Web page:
That’s particularly true with small business owners who can barely afford to offer health insurance, let alone plans with low deductibles and limited cost sharing. As a result, experts say the era of high deductible health insurance plans and more of the burden being passed on to the employee is here and will likely stay. That change in the way health care is offered to employees can breed resentment and anger among workers, which in turn can have a negative impact on the overall business.

But there are things small business owners can do to reduce the burden. One way, according to Kevin Luss, owner of Luss Group, is to offer employees a medical bridge policy to neutralize the deductible and other out-of-pocket costs employees face.

At Luss Group, brokers work with employers to create a health plan that limits the cost sharing for the least frequent things like hospitalization, surgeries and outpatient procedures and with the savings, a medical bridge policy is taken out to insure employees from high deductibles associated with those expensive but less frequent medical needs. There are numerous ways to design the plan, but one option could be if one of the employees is admitted to the hospital he or she gets a lump sum of $3,000 in addition to a daily amount for the length of the admission.  In that case, an employee who has a $5,000 deductible would only pay part of that out of pocket because the medical bridge policy covers the rest.

“The employer saves money by offering high deductible plans and uses part of the savings for the bridge plan,” says Luss. “These plans aren’t very expensive and in the long rung the employer saves money.”  The rules and what is offered varies state by state.

For many small businesses footing the bill for a medical bridge policy isn’t an option, but they can offer it as a supplemental choice for employees. According to Nancy Thompson, senior vice president and director of sales at CBIZ Benefits and Insurance, employers who are providing high deductible plans can also offer the option of hospital indemnity and critical illness insurance, which will defray some of the costs associated with the high deductible plan. While it will cost employees more money, albeit not a lot, in exchange they’ll get one-on-one counseling with a benefits consultant, so they are making the right choices when it comes to their healthcare.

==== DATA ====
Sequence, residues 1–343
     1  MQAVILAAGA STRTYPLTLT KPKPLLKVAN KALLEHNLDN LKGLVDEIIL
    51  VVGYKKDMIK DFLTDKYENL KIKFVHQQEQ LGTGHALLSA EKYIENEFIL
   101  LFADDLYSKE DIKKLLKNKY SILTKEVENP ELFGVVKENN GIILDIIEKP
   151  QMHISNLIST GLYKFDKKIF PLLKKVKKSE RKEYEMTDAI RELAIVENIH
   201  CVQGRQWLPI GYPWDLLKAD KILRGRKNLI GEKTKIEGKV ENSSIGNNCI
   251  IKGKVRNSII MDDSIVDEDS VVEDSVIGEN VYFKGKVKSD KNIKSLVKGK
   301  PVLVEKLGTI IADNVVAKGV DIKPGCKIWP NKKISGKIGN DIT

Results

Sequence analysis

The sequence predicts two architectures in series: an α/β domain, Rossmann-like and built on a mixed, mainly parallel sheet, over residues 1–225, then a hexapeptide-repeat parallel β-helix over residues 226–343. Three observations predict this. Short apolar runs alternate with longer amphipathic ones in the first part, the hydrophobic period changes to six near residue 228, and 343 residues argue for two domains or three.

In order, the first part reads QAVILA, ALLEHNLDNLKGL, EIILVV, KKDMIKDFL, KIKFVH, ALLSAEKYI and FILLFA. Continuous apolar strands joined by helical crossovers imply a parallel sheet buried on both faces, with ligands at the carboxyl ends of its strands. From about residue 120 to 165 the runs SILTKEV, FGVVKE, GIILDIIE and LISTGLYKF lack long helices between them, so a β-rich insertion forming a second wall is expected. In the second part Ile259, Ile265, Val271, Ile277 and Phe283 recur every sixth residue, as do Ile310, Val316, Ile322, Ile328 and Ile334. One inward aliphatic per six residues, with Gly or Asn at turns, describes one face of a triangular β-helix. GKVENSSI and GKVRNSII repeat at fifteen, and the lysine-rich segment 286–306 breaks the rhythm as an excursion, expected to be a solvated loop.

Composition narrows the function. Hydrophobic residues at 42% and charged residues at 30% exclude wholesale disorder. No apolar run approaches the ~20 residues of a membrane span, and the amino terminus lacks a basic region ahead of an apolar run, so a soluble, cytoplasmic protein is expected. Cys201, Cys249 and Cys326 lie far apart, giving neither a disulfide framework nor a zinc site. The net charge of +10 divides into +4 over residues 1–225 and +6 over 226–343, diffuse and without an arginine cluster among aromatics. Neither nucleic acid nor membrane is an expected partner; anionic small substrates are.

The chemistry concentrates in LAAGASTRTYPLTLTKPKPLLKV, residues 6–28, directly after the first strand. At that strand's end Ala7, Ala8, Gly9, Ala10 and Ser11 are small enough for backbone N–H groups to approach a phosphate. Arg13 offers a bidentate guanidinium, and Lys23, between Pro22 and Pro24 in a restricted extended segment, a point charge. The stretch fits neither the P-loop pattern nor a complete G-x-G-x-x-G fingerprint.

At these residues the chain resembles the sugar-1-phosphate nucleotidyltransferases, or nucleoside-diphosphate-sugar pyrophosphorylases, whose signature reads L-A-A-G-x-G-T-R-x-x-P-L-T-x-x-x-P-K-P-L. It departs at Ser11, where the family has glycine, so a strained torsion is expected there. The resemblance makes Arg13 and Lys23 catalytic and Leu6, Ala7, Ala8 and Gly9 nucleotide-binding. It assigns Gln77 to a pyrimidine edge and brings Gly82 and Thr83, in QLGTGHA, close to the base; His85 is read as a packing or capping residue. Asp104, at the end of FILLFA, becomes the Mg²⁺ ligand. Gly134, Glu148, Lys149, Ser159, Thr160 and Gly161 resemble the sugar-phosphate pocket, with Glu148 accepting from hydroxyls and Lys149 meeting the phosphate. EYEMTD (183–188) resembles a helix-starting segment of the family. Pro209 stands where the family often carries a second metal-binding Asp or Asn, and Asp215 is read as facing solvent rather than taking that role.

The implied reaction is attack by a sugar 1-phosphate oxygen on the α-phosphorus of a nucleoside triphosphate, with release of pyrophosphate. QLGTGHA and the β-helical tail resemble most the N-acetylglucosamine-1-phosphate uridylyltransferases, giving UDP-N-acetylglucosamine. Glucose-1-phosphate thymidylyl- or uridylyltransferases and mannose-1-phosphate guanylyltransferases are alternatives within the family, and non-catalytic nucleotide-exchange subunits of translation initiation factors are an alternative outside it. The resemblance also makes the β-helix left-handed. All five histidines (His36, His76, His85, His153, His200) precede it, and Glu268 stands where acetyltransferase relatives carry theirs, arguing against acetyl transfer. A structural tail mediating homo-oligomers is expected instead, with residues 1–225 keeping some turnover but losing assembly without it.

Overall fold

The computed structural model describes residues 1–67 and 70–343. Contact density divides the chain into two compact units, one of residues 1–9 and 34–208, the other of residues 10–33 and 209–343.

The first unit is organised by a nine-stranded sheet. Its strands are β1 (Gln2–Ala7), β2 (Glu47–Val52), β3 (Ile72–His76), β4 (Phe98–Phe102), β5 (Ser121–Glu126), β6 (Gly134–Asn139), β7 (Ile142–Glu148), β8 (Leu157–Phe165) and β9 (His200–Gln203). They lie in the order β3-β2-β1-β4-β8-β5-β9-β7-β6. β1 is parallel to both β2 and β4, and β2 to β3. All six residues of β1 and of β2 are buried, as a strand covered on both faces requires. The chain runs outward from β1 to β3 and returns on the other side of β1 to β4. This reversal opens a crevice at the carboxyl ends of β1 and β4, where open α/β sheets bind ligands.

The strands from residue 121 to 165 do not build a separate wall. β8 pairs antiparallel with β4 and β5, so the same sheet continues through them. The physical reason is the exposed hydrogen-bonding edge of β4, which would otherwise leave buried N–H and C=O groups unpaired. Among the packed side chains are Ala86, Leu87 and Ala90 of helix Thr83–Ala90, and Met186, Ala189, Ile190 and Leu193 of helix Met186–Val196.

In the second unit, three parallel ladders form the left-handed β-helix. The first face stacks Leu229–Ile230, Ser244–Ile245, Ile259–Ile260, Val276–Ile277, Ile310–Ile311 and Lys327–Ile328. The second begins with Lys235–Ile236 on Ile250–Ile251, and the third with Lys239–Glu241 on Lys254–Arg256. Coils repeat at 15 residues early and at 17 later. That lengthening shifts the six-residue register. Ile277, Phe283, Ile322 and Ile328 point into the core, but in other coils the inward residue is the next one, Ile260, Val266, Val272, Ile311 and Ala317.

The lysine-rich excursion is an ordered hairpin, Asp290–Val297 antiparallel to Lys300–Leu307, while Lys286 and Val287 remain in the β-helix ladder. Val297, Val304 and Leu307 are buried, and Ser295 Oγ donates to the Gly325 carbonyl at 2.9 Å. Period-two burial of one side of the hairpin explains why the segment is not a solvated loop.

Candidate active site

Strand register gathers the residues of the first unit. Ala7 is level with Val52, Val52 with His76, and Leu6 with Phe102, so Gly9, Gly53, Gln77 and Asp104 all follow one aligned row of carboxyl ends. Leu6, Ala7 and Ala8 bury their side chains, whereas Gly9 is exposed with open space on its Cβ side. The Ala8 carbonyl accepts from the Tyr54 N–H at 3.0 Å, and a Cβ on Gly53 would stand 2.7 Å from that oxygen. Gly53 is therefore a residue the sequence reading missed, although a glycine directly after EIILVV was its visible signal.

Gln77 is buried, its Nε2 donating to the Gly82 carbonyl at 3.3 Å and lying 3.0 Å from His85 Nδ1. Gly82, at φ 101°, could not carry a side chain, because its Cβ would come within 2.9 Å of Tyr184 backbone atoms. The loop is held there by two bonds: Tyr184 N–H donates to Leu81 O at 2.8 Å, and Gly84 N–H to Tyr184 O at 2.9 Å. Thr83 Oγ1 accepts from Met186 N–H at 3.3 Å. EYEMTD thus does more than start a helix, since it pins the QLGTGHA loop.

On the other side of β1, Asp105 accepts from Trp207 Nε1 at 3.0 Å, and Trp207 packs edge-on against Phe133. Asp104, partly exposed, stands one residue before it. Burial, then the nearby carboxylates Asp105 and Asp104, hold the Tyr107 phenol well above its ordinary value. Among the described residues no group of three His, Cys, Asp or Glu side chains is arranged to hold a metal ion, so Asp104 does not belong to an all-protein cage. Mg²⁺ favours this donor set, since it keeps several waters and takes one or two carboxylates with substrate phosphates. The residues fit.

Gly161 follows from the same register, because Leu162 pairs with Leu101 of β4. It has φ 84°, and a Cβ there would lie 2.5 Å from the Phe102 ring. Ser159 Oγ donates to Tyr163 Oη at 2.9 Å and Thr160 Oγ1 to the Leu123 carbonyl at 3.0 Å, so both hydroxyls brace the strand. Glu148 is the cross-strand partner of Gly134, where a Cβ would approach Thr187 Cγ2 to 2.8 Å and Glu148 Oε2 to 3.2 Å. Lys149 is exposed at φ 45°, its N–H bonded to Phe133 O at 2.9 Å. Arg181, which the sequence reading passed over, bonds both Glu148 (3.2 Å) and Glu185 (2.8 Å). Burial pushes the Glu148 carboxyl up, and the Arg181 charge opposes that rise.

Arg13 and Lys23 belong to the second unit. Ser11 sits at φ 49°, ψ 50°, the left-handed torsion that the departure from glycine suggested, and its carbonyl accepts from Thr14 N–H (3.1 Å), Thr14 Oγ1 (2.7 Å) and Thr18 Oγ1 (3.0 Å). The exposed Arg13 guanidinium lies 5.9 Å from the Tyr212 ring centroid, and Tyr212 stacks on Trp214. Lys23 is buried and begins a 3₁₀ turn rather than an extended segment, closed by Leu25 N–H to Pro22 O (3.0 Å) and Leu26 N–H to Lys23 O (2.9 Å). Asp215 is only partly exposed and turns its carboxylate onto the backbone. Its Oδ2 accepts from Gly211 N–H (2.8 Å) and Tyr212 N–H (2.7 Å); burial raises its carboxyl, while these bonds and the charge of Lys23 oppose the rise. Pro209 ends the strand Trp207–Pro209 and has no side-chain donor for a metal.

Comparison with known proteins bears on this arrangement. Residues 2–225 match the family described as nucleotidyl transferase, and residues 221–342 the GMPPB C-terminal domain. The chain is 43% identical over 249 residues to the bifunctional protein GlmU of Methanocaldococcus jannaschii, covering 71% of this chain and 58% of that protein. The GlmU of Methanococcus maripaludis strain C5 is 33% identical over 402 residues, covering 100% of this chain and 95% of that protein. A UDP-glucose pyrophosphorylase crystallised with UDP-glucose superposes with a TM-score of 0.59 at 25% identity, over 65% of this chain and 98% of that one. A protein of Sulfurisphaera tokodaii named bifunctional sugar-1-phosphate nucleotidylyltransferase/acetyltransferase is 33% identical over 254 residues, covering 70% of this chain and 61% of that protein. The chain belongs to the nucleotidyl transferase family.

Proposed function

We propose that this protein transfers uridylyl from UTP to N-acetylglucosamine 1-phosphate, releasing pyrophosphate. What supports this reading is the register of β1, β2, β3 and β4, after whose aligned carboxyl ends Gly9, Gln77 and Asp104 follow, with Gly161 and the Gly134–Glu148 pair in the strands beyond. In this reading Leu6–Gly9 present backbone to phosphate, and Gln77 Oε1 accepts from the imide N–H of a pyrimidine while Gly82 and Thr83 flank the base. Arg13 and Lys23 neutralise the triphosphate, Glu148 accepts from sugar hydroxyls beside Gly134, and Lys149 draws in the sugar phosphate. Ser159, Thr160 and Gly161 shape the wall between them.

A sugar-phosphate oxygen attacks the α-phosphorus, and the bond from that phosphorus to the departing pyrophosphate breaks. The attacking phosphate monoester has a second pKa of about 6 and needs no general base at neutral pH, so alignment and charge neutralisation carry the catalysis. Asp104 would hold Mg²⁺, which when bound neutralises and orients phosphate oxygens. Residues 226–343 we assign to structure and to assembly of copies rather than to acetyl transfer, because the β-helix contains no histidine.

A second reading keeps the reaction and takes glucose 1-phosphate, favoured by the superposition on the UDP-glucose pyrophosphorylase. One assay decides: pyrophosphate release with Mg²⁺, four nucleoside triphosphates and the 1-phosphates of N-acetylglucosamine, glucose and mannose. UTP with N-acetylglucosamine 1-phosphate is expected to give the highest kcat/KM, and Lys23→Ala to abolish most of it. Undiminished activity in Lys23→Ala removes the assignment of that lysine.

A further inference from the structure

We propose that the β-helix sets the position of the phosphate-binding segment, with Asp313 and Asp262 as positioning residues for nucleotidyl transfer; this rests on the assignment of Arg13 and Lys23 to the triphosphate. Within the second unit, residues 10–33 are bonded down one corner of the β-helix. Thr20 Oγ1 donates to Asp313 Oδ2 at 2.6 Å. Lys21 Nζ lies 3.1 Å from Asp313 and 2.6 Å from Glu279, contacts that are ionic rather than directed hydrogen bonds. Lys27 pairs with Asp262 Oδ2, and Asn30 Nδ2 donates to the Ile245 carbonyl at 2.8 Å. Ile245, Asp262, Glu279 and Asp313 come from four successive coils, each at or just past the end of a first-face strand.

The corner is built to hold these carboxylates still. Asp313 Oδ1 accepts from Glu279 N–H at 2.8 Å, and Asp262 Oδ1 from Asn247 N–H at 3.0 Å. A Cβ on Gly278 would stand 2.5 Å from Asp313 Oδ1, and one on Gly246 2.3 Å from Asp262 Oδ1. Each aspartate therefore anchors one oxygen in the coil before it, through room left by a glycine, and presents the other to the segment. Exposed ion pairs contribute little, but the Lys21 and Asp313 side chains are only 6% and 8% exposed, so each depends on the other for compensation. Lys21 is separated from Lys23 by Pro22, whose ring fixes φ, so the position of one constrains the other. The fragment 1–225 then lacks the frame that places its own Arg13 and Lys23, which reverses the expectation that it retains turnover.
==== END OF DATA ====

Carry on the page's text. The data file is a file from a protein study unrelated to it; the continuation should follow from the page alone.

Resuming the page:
“Employees are going to experience gaps in coverage that they haven’t in the past,” says Thompson. “The right supplemental product is paramount when you go to a high deductible plan.”

Hand in hand with offering high deductible plans is providing the ability for employees to use pretax dollars for medical costs, which is where health savings accounts come into play. With a health savings account, funds contributed aren’t taxed and the money accumulated can be rolled over to the next year. Some employers who contribute to health savings accounts can increase their contribution to offset any bad feelings from offering a high deductible plan, says Sloane.

Another option, according to Richard Mann, Chief Product Officer at PlanSource, is offering a defined contribution toward benefits. Basically it’s a predetermined amount the employer agrees to contribute to each employee’s benefits spending.

“This helps employers control spending because the amount is fixed, but allows employees to use the amount in whatever way they think is best,” says Mann.

At the end of the day, knowledge may be the best way a small business owner can help their employees with their health-care costs. The whole idea behind these high deductible health plans is to get people to think before they get that test done or have blood drawn.

According to Sloane, arming employees with all the information about the plan, ensuring they know which doctors are in network and out of network, and all the benefits associated with the plan (including preventive care), can go a long way in keeping out of pocket costs down. It’s also a good idea to give employees access to the actual costs of health-care services, adds Mann. Knowing, for example, that the cost of a MRI can vary by as much as $1,000 will make employees more savvy consumers of health care, he says.

“It’s very valuable for the business to make an investment in the HR department and educate their staff as to how to keep claims down,” notes Sloane. “People need to pay more attention to health care. It’s not as simple as it used to be.”